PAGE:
5. Bankline Direct is a payments channel which provides customers with a method of making payments. Customers were not able to see up to date account information (balance and transactions). Customers could make payments, although this would be dependent on the account being up to date in some circumstances. The IT Incident affected Bankline Direct until:
    1. RBS: 27 June 2012 (system was not fully functional for 8 days);
    2. NatWest: 28 June 2012 (system was not fully functional for 9 days);
    3. Ulster Bank NI: Unaffected.
  6. Point of Sale is the system which provides a gateway between Visa and its users. It authorises debit card transactions, both domestic and international. The system remained available, however, authorisations were checked against incorrect balances. Customers may have lost the ability to pay for transactions, especially if credit was not applied to accounts leading to lack of available funds. The Banks partially mitigated the problem by arranging a £200 “stand-in” limit for debit cards which gave customers the ability to buy goods up to that limit. The IT Incident affected the Point of Sale systems until:
    1. RBS: 27 June 2012 (system was not fully functional for 8 days);
    2. NatWest: 28 June 2012 (system was not fully functional for 9 days);
    3. Ulster Bank NI: 8 July 2012 (system was not fully functional for 19 days).
  7. The Relationship Management Platform is an IT system RBS International used. The IT Incident affected corporate customers’ transactions and account records which in turn affected corporate customers’ ability to make payments to corporate accounts, draw invoices and make salary runs. The IT Incident affected the Relationship Management Platform until:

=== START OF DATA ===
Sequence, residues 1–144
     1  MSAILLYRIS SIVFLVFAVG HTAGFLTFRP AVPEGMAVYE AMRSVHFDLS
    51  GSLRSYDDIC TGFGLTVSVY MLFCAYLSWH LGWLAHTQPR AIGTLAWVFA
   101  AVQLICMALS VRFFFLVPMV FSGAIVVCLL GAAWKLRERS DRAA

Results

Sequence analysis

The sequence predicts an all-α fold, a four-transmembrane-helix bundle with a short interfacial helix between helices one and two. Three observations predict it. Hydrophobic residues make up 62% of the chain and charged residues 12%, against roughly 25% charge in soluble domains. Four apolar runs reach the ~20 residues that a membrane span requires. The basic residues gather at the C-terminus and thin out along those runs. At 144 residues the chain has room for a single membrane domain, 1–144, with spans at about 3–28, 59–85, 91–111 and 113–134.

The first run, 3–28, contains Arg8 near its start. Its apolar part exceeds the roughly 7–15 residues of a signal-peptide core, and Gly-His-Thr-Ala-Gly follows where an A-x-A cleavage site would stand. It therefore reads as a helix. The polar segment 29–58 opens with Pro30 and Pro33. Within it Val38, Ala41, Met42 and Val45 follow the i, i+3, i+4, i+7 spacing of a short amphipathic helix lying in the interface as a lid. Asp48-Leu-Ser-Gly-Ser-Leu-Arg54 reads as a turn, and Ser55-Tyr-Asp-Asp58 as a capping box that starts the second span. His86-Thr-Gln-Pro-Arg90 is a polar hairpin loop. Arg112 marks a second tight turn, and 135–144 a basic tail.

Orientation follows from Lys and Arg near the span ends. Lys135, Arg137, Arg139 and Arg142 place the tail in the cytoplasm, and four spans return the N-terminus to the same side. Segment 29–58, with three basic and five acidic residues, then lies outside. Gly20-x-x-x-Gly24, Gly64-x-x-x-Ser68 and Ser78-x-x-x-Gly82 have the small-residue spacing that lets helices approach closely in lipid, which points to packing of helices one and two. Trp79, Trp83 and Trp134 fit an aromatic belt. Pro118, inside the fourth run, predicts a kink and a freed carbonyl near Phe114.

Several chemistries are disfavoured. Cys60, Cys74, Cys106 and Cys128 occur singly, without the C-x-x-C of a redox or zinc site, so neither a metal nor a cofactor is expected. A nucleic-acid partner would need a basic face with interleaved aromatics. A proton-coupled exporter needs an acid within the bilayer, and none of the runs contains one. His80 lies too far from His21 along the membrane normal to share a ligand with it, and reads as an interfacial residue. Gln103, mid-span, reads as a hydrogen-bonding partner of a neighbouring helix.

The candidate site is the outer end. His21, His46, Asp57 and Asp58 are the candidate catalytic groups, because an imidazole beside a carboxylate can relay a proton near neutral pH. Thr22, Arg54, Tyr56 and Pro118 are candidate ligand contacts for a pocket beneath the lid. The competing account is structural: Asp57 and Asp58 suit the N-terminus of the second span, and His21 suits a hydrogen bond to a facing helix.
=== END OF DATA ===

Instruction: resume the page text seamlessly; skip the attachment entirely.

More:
1. RBS: 6 July 2012 (system was not fully functional for 17 days);
    2. NatWest: 6 July 2012 (system was not fully functional for 17 days); 11
    3. Ulster Bank NI: 6 July 2012 (system was not fully functional for 17 days).
  8. BankTrade GTS is a system the RBS Group used to process the bank’s international trades and UK bonds. Although the system was processing trades, the backlog delayed the processing of the current day’s trades. Commercial customers’ international transactions were potentially delayed exposing them to risk of non or late payment. The IT Incident affected the BankTrade GTS system until:
    1. RBS: 18 July 2012 (system was not fully functional for 29 days);
    2. NatWest: 18 July 2012 (system was not fully functional for 29 days);
    3. Ulster Bank NI: 18 July 2012 (system was not fully functional for 29 days).

Following the IT Incident, the Authority required the Banks to appoint a Skilled Person to independently assess the immediate causes, consequences and management of the IT Incident.

Link to Original Report